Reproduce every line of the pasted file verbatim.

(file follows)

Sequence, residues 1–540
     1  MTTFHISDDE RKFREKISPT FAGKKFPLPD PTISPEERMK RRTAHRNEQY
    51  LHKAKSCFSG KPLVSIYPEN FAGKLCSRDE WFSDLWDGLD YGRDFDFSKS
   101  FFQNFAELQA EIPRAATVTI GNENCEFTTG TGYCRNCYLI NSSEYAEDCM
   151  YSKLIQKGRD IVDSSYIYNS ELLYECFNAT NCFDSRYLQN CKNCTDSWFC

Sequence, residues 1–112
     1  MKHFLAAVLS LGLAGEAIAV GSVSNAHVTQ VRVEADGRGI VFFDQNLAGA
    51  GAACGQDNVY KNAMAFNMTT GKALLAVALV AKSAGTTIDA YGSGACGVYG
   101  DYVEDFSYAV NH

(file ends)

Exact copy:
Sequence, residues 1–540
     1  MTTFHISDDE RKFREKISPT FAGKKFPLPD PTISPEERMK RRTAHRNEQY
    51  LHKAKSCFSG KPLVSIYPEN FAGKLCSRDE WFSDLWDGLD YGRDFDFSKS
   101  FFQNFAELQA EIPRAATVTI GNENCEFTTG TGYCRNCYLI NSSEYAEDCM
   151  YSKLIQKGRD IVDSSYIYNS ELLYECFNAT NCFDSRYLQN CKNCTDSWFC

Sequence, residues 1–112
     1  MKHFLAAVLS LGLAGEAIAV GSVSNAHVTQ VRVEADGRGI VFFDQNLAGA
    51  GAACGQDNVY KNAMAFNMTT GKALLAVALV AKSAGTTIDA YGSGACGVYG
   101  DYVEDFSYAV NH